|Norse name||Papey (hin) Meiri|
|Meaning of name||Old Norse for "big island of the papar"|
Low cliffs on the east coast
Papa Westray shown within Orkney
|OS grid reference|
|Area||918 hectares (3.5 sq mi)|
|Area rank||53 |
|Highest elevation||North Hill 49 metres (161 ft)|
|Sovereign state||United Kingdom|
|Council area||Orkney Islands|
|Population rank||45 |
|Population density||9.8 people/km2|
It is the ninth largest of the Orkney Islands with an area of 918 hectares (2,270 acres). The island's population was 90 as recorded by the 2011 census, an increase of over 35% since 2001 when there were only 65 usual residents. During the same period Scottish island populations as a whole grew by 4% to 103,702.
Orkney Ferries sail MV Golden Mariana from Papa Westray to Pierowall and Rapness on Westray, and Kirkwall on the Orkney Mainland. Britten-Norman Islander aircraft operated by Loganair fly from Papa Westray Airport to Westray and Kirkwall; the hop from Papa Westray to Westray is the world's shortest scheduled flight, at approximately 2 minutes.
At the northern tip of the island lies North Hill. At 49 metres (161 ft), it is the island's highest point and an RSPB nature reserve. Many seabirds breed on the island, including Arctic terns and Arctic skuas. It was one of the last places where the great auk was found; the last individual was killed in 1813. The reserve is also home to the rare and tiny purple-flowered Scottish primrose Primula scotica.
The sea around most of the island is a Nature Conservation Marine Protection Area, in place to protect the feeding grounds of the island population of black guillemot. More than 500 breeding birds visit these seas each year, with many nesting on the offshore islet of the Holm of Papa.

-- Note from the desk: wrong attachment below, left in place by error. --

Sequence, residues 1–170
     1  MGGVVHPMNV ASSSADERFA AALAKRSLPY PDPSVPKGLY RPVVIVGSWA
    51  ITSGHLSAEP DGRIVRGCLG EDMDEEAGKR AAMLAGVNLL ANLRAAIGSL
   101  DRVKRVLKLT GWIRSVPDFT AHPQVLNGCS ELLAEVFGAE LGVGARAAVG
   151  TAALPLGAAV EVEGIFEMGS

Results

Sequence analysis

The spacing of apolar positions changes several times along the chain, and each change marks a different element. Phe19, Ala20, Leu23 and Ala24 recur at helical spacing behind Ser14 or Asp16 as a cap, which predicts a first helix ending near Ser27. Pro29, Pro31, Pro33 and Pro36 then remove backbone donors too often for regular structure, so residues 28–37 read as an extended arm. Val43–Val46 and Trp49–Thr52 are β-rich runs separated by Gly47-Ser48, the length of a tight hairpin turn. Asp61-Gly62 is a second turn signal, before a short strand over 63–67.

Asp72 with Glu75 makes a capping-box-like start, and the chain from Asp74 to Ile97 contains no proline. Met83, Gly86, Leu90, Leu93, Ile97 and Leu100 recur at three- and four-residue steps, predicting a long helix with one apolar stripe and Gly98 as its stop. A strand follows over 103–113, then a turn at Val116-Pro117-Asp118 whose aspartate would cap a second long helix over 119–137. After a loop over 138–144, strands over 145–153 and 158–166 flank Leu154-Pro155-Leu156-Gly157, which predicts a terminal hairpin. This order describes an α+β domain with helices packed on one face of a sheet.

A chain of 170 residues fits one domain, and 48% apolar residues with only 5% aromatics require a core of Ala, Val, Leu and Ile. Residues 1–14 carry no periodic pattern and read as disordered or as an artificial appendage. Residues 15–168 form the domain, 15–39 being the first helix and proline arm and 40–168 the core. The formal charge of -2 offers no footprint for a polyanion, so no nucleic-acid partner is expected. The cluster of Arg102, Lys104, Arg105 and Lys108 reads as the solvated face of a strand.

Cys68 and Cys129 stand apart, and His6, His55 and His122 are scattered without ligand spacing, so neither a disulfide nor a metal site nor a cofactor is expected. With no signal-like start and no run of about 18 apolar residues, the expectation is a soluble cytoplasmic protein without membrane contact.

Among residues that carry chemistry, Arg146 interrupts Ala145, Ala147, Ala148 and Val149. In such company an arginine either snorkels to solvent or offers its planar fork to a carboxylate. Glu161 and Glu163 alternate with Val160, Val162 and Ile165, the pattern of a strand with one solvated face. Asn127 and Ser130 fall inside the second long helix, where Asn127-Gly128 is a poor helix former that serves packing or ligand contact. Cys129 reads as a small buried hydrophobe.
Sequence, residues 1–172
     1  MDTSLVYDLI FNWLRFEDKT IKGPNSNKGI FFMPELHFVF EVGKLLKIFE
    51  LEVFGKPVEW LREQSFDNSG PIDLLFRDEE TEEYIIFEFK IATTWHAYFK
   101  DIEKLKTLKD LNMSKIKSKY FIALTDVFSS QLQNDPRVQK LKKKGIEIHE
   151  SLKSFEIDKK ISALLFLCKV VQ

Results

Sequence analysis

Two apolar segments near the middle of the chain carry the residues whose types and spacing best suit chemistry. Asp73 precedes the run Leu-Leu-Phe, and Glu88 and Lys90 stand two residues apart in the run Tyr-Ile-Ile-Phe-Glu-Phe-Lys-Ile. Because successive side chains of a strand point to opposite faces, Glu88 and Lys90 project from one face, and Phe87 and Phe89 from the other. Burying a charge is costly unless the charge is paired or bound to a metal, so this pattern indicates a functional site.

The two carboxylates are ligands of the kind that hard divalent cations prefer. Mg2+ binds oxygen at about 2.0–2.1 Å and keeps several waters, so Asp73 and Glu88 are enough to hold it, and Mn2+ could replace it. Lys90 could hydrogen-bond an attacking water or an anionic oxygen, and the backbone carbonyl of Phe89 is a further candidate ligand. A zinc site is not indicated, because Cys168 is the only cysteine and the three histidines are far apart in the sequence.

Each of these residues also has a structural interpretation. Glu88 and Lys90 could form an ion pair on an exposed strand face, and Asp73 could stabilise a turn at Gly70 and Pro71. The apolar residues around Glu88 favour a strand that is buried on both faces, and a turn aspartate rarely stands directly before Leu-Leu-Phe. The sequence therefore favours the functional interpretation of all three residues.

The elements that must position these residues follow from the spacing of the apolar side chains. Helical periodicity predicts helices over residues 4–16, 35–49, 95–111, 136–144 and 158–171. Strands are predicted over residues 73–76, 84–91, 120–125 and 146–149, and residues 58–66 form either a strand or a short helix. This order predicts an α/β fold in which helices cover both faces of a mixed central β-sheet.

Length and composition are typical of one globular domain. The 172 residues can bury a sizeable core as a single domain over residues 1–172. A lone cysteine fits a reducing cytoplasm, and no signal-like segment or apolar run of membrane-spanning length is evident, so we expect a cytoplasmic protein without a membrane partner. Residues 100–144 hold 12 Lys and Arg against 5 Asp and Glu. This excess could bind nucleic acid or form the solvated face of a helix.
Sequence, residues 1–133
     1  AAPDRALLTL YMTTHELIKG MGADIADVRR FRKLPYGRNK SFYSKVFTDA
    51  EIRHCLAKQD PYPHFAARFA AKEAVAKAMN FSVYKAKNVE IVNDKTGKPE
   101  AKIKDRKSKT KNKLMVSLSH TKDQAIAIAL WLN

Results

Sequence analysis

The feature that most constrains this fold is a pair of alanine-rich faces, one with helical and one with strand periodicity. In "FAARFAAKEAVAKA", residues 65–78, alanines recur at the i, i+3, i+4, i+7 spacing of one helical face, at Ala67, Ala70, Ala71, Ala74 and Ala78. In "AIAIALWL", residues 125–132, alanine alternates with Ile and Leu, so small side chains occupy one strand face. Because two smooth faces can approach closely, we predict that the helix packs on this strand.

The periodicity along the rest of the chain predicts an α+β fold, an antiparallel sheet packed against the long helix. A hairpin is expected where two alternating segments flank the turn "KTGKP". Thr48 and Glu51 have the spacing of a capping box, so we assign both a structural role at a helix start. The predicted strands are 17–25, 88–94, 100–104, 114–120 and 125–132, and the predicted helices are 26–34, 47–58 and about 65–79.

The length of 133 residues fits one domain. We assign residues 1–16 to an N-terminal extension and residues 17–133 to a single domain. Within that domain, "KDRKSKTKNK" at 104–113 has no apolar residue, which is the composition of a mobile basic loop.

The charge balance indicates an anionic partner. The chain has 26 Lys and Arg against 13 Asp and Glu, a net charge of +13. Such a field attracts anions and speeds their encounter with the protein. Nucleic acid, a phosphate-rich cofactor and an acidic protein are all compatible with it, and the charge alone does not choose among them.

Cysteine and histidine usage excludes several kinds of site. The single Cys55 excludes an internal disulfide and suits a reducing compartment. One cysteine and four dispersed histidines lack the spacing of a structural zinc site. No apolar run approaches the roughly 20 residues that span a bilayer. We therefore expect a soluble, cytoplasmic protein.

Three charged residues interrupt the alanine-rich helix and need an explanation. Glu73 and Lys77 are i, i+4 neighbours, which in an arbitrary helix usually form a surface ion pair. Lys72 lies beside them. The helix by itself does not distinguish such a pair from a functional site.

The Knap of Howar Neolithic farmstead (Historic Scotland; accessible at all times) is the oldest preserved house in northern Europe, dating from around 3500 BC. The homestead, which consists of two roughly rectangular stone rooms side by side, linked by an internal door, and with doors to the outside at the west end, is partly subterranean, and virtually complete to roof height. Examples of the round-bottomed Unstan ware have been found here, and provided the key to dating the settlement.
According to tradition, in the 8th century AD, the Pictish King Nechtan attempted to seduce a young woman from the island named Triduana, who in response gouged her own eyes out. She later became abbess of a nunnery at Restalrig, now part of Edinburgh, and was in due course canonised as St Tredwell. A chapel was consecrated to her on Papa Westray and became a place of pilgrimage for people with eye complaints.
The island is one of the 'Papeys' or 'islands of the papar'. Joseph Anderson noted that:
The two Papeys, the great and the little (anciently Papey Meiri and Papey Minni), [are] now Papa Westray and Papa Stronsay ... Fordun in his enumeration of the islands, has a 'Papeay tertia' [third Papey], which is not now known. There are three islands in Shetland called Papey, and both in Orkney and in Shetland, there are several districts named Paplay or Papplay, doubtless the same as Papyli of Iceland.
Also on the island is the 12th-century parish church of St Boniface (recently restored; open in summer) with a carved Norse "hogback" gravestone (probably also 12th century) in the churchyard. This stands on a substantial and largely unexcavated 9th century, or earlier, Pictish religious site - possibly including a bishop's residence. Remains of a heavily eroded broch can be seen on the shore. Early Christian carved stones, which may date from as early as the 7th century AD, found at this site are on display in Orkney Museum in the Tankerness House, Kirkwall and the National Museum of Scotland, Edinburgh. These may be the earliest evidence for Christianity to survive in the Northern Isles.